Monday December 3, 2012

According to the Nov. 27 op-ed column "Don’t forget to write or call" by Michelle Gillett, more people use email and texting rather than calling or associating with a person face-to-face. When you are texting or IMing you never can express emotions, she writes, and to most people it’s more convenient for them then actually taking time out of their day to actually call someone. Also it states how texting is much easier to end a relationship, because you don’t have to hear the person’s response.

I feel the same way, I think texting and iming hide emotions and can turn you anti-social. If I didn’t have the technology we have now, I think I would be more social than I am today. I don’t like calling people unless I have to because it takes too much time, and some people keep me on the phone for hours. Texting just gets out what you need to say and its quick.

Sometimes texting isn’t good because it can give the other person on the other phone false emotions (mad, sad, happy) or can make you come across as being rude. You also wouldn’t say half the things you say texting face-to-face. As an example from the column, "How much more convenient to write, ‘It’s over,’ than to tell someone to his/her face that you never want to see them again." It also gives people the easy way out, by being lazy. -- 160 character text messages and using abbreviated words and sentences lacking punctuation? I am also guilty of that.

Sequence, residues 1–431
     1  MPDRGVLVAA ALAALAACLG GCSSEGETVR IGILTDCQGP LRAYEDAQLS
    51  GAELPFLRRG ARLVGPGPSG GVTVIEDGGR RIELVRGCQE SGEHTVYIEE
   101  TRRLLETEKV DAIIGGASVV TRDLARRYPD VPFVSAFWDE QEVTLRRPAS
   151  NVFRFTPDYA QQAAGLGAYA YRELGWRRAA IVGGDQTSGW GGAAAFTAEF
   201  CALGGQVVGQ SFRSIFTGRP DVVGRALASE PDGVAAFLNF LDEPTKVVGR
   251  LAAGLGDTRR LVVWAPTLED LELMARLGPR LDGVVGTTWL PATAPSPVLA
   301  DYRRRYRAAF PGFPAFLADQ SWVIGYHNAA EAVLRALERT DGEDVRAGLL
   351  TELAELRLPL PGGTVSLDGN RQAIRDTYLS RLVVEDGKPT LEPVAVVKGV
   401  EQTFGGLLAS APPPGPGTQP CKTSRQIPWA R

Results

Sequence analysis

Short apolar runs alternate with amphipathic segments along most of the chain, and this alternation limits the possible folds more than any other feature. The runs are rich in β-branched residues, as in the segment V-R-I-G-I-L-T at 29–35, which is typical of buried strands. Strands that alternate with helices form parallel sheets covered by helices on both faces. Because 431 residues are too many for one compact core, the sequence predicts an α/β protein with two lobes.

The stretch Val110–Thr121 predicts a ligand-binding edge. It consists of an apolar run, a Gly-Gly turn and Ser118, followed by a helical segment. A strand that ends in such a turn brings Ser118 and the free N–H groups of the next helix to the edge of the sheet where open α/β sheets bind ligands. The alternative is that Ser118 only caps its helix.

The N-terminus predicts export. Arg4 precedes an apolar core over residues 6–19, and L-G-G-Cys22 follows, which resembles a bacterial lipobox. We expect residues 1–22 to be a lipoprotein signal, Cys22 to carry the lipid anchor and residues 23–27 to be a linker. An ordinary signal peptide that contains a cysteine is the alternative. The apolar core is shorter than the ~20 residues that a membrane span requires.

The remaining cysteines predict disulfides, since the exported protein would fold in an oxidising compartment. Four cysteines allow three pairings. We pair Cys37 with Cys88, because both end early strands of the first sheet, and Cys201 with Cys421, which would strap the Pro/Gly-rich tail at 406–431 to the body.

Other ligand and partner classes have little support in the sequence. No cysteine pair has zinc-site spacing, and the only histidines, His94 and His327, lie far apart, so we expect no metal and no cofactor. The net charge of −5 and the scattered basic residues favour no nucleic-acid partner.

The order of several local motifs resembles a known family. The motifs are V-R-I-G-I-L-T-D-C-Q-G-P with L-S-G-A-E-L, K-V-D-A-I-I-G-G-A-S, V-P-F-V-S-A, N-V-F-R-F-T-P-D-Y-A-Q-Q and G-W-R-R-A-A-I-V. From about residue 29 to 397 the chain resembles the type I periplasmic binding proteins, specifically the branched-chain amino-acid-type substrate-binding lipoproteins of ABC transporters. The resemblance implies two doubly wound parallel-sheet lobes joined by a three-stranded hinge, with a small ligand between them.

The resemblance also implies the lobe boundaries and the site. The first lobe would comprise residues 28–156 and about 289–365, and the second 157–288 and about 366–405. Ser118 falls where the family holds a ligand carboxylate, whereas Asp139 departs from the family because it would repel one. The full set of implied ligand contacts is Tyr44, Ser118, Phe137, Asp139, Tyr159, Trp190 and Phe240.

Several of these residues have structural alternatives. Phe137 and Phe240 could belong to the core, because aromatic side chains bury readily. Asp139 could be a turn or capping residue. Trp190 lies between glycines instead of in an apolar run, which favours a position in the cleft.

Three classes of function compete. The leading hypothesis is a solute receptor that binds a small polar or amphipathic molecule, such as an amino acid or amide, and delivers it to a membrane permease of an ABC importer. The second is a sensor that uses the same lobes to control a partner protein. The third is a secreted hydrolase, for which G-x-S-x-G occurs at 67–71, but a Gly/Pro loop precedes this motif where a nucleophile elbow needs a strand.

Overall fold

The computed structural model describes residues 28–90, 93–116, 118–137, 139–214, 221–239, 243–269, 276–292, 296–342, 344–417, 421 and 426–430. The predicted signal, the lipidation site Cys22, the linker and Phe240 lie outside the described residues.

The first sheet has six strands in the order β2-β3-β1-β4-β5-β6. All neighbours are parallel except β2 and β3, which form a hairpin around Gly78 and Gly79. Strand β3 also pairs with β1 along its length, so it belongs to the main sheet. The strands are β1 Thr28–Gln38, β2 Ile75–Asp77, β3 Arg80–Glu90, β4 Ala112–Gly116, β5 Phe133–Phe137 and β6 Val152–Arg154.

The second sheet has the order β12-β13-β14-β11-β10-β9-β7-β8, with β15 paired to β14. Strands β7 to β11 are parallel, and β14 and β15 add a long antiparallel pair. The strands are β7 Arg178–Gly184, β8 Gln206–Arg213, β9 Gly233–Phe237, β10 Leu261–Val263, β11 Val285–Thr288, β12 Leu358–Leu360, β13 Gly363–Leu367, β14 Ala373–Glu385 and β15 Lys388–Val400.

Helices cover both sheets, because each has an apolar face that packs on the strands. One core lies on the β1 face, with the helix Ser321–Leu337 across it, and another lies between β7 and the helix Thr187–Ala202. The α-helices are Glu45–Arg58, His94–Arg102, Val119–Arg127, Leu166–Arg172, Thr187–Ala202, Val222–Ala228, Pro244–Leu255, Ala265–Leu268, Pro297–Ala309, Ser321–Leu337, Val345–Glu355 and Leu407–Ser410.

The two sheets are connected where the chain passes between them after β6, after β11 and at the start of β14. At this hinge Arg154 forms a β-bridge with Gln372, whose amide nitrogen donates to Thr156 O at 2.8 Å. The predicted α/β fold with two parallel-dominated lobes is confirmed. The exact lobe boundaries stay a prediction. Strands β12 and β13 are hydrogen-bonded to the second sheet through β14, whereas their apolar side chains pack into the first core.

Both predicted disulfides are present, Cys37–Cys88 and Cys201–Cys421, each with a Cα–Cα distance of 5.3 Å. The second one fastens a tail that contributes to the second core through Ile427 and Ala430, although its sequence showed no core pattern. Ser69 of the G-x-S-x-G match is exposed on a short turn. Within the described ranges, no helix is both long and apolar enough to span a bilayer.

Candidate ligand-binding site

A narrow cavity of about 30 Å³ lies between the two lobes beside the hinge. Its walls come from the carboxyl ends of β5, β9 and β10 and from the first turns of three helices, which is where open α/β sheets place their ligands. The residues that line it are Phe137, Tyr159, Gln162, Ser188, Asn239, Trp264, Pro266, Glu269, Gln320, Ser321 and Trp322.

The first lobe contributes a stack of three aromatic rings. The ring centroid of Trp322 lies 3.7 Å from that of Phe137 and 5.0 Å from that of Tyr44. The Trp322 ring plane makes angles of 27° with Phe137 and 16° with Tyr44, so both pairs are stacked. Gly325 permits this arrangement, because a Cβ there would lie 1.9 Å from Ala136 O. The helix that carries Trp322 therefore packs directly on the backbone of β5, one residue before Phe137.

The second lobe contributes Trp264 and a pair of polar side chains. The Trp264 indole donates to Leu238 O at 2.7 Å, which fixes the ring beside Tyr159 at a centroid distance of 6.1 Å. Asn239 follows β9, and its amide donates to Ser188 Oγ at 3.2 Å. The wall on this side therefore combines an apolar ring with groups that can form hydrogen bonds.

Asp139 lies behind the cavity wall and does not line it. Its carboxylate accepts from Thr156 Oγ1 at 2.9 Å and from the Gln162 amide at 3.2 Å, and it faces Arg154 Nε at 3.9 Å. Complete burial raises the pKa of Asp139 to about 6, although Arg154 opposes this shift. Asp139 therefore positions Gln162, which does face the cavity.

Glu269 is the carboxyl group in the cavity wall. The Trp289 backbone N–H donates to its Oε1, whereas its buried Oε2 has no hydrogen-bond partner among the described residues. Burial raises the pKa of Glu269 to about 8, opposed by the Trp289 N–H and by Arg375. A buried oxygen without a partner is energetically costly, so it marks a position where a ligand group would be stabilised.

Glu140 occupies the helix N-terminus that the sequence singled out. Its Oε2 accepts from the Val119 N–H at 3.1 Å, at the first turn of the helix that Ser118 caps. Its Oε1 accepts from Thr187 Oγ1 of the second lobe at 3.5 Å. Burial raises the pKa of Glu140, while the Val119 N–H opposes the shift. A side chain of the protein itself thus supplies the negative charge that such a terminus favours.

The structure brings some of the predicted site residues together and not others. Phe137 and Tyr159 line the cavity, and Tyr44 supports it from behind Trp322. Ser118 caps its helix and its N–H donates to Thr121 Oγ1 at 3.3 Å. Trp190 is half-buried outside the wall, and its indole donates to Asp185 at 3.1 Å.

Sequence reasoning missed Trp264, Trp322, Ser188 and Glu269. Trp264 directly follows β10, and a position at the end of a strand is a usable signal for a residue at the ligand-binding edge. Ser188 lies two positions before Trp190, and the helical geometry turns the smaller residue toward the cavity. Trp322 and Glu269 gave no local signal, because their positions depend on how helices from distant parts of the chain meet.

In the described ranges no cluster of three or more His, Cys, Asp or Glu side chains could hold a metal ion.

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Instead of spelling out the whole word "because" people sometimes put "bc" "cause" "cuz" etc. They use shortcuts because they are too lazy to spell out the whole word. If you get to used to spelling the words like that, I may come to school and write it in one of my papers not realizing it.

Those are some of the reasons why texting can give you bad punctuation/grammar.

Texting, emailing, IMing are all nice to have and can come in good use sometimes, but it does give you some bad habits.

MICHELLE GINGRAS

Pittsfield